Our group exists to help bridge that gap; to introduce more women to craft beer, and further the education and geekiness of those ladies already into it. Of course, we have to couch that message in a way that appeals to our followers, if we want to get any sort of traction, and we have chosen some very specific positioning. Pink shirts and the use of the word “Girl” in our title are two that have evoked the most ire from some ladies.

Which just goes to show an inevitable part of the female craft beer drinkers’ evolution and development, and the real point of this post. We must remember, as more women join the ranks of craft brewers and consumers, that the craft beer female contingency is not monolithic.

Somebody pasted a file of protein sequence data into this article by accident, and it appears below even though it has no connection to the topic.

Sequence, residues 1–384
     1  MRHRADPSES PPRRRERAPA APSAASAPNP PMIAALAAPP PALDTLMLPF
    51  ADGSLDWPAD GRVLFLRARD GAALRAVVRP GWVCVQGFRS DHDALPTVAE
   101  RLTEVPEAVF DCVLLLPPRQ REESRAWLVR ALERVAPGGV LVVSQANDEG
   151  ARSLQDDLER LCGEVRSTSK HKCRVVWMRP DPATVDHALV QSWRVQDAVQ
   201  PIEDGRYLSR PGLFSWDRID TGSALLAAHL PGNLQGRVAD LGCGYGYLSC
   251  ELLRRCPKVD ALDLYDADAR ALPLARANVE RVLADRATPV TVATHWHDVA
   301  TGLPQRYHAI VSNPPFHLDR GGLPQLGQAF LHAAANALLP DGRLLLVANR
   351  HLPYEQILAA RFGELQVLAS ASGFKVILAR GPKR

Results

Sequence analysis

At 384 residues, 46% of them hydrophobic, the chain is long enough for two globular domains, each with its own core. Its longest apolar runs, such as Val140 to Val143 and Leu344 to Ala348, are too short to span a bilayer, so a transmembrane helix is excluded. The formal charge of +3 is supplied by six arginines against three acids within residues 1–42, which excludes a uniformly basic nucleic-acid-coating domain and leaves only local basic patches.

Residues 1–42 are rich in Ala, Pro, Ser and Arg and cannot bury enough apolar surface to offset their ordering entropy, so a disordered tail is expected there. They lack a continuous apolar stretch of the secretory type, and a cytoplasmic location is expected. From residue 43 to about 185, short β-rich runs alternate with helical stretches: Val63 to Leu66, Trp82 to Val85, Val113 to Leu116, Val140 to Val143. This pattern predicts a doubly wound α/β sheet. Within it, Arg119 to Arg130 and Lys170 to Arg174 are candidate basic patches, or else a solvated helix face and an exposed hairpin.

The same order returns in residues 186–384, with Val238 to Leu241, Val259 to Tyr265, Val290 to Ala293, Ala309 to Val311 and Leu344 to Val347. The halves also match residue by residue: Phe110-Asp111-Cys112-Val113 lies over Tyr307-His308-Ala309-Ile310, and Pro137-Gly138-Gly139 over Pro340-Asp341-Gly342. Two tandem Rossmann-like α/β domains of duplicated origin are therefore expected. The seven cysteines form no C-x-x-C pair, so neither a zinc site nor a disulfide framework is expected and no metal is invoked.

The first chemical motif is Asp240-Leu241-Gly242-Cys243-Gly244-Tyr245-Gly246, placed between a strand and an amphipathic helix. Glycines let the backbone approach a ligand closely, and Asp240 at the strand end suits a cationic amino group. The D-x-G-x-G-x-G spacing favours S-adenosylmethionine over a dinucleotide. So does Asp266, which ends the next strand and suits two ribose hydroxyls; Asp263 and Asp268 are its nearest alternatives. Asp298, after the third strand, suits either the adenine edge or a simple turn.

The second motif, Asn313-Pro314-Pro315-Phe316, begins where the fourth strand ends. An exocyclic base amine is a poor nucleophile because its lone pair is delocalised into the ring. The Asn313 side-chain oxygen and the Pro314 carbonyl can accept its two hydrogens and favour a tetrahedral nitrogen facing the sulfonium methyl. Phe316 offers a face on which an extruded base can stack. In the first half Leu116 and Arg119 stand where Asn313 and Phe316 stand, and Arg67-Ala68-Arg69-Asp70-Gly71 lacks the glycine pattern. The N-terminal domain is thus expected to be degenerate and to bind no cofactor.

Case in point: A couple of months ago, female-facing beer marketing consultant and Women Enjoying Beer blog author Ginger Johnson took our group to task for the use of the word “Girl” in our name. “Women are not ‘Girls,’” she admonished in a post on “dos” and “don’ts” of marketing to women. But while this pretty traditional feminist line surely resonates for some ladies, for people in my group, it’s just way too serious and PC of a consideration. “Sex in the City,” among other pop culture references, have made it so that even old ladies – er, “Golden Girls” – use the term for their cohorts. Johnson asserts that her own focus groups have shown the word to trend badly. But I have evidence to the contrary: The term resonates, especially in the foodservice industry. The Melting Pot, for example, ran a smashingly successful “Girls Night Out” promo in 2009, a time when most casual-priced restaurants like it were suffering. It resulted in a sales uptick that gave the brand a little reprieve from dropping numbers.